Eco-Terrorism, The Green Threat

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Over the last twenty years, according to, yuku.com, radical environmental and animal rights groups known as, Eco-terrorists have been responsible for hundreds of criminal acts like, arson, bombings, vandalism and harassment. Highbeam.com estimates that, these terrorist acts have caused more than $100 million in damage. Authorities have managed to capture some of these radical activists, but the rest function in eco-terror cells that are small and loosely affiliated thus making them extremely difficult to identify and as a result most attacks remain unsolved.

In that last decade, we have been more focused on their Islamic cousins especially after the September 11, 2001 terrorist attacks that claimed the lives of thousands of innocent Americans. A little known fact is that, Eco-terrorism, historically, has been the most active of all domestic terrorist groups. In recent years, an alarming amount of terrorist acts here in the United States have been carried out in the name of animal rights and environmental protection.

Car dealers, housing developments, a.k.a., mc-mansions, timber companies, medical research laboratories, restaurants, and fur farms have all fallen victim to these radical environmentalist groups across the country. Thankfully, no one has been injured in a domestic Eco-terrorist attack, as of yet. However, the increasingly bold and violent nature of these types of attacks means that it won’t be long until someone gets hurt or even killed. There was an estimated $50 Million in damage caused by Arson in San Diego, 2003

According to adl.org, since the 70s, hundreds of groups across the United States have been calling for greater legal protection for animals and the environment, change has been painfully slow, despite these calls, fueling the rage of these underground terrorist movements. During the last twenty years, extreme animal and environmental rights activists, a.k.a. Eco-terrorists, have committed hundreds of heinous acts. The laundry list of atrocities including, arson, bombings, vandalism and harassment, have caused more than $100 million in damage.

In recent years, fast-food restaurants, car dealerships and housing developments have all been burned to the ground in the name of “ecology” and “animal rights.” One of the most frightening indications of how radicalized these people have become is the fact that they now have begun to target people who merely work for companies perceived as harming animals or destroying the environment.

Influenced by their English predecessors and the anarchist movement, Eco- terrorists have become a force to be reckoned with. They operate in autonomous cells, they are unconstrained by geographic boundaries and they are very difficult to infiltrate and stop. This is because they are unlike their racial hate group brothers in that they do not have established hierarchies or membership requirements. An activist can become an Eco-terrorist simply by attributing their illegal actions to the movement.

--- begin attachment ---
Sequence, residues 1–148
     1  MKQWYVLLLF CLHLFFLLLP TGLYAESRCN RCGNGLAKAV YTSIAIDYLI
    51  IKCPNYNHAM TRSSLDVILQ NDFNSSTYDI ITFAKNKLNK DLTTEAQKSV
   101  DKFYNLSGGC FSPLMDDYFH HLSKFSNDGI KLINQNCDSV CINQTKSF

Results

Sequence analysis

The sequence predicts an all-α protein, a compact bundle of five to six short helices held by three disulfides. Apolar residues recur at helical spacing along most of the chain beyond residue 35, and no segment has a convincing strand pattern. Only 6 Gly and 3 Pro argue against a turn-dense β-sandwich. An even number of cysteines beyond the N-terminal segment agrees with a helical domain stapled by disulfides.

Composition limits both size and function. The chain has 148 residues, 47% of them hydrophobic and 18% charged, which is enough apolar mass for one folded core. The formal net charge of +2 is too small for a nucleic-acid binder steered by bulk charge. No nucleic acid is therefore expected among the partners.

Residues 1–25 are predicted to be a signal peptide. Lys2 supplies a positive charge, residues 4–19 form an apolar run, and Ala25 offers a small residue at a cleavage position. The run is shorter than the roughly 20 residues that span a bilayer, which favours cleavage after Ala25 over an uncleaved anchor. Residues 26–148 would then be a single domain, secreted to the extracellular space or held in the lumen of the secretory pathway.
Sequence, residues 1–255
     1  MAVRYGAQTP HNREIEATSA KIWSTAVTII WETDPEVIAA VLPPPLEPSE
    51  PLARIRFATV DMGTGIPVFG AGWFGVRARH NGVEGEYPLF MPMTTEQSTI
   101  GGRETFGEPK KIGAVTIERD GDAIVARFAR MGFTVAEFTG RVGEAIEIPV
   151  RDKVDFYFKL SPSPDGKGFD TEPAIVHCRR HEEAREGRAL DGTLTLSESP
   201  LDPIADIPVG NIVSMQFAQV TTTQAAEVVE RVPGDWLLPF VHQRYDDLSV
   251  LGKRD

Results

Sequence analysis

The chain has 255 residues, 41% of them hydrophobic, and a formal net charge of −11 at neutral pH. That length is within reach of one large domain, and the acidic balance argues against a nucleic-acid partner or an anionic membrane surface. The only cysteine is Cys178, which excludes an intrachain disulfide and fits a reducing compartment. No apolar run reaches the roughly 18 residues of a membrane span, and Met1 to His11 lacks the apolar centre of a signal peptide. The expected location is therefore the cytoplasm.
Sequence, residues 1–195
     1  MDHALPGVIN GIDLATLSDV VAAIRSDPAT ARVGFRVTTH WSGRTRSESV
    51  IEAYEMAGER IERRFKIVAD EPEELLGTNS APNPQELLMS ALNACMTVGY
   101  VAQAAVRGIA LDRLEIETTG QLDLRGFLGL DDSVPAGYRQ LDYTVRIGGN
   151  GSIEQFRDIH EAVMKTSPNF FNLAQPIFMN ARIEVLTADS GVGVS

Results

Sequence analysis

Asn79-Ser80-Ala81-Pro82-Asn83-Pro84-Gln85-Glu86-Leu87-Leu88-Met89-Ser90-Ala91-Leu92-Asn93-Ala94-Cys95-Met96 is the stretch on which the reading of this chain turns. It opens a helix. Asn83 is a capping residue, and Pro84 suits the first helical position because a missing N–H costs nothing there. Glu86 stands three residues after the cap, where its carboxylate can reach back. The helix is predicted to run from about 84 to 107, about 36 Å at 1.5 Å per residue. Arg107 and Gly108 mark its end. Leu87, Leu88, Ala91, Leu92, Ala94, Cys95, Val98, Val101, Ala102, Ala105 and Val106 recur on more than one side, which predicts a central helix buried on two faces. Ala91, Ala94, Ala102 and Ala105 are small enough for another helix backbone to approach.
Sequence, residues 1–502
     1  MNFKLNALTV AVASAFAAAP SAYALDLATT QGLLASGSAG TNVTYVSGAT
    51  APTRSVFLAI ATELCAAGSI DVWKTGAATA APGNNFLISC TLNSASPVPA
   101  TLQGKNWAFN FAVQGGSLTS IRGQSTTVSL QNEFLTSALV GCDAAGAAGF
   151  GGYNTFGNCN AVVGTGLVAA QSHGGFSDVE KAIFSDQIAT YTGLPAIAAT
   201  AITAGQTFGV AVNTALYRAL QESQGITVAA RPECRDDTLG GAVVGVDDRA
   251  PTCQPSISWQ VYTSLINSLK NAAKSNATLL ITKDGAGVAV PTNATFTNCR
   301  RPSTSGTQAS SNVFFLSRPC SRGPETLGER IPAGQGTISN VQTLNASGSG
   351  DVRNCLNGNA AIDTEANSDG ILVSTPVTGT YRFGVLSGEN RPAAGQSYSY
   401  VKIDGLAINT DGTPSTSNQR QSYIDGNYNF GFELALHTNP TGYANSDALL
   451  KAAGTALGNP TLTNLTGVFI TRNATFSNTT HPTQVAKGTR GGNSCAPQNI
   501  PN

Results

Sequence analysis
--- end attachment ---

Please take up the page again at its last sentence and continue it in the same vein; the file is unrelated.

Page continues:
While most discussions of terrorism focus singly on Islamic threats, Eco-terrorist attacks are often ignored and so they continue to occur around the country posing a significant threat to the safety and well-being of the public at large. In 2005, according to planetizen.com, the Senate Environment and Public Works Committee convened a hearing on “eco-terrorism,” in an anxious attempt to warn the nation of a rising danger that has already killed … well, nobody.

Despite the low body count, a large number of property crimes make fringe ecological and animal-rights groups the greatest domestic terror threat facing the U.S., according to the FBI’s John Lewis, who testified before the committee. He acknowledged that groups like the Earth Liberation Front and the Animal Liberation Front have not caused bodily harm, per se, but cited “troubling signs that this is changing,” like “violent rhetoric.”

In 2010, according to itproportal.com, Swiss police foiled an attempted terrorist attack on IBM’s nanotechnology research center in Switzerland. The lab in Rueschlikon, near Zurich, was scheduled to open in 2011. Police uncovered evidence of the plot during a routine traffic stop on April 15 in the Swiss town of Langnau. Three members of Italian Eco-terrorist outfit Il Silvestre, an anarchist group opposed to micro technology, nuclear power and the arms industry, were detained on suspicion of planning to bomb the establishment after a search of their vehicle revealed a suspect device. Two of the men arrested, Costantino Ragusa and Silvia Guerini, have previously served prison sentences for terrorist offences.

Russell W. Dickson, lives in upstate NY, and is a Freelance journalist. He has written for both print and online news/opinion pages.Russell holds a B.A. in English, minor Journalism from The University at Albany, Albany, NY. His writing experience spans more than a decade and his work has graced the pages of newspapers, magazines, online news orgs, and political websites in both the U.S. and abroad.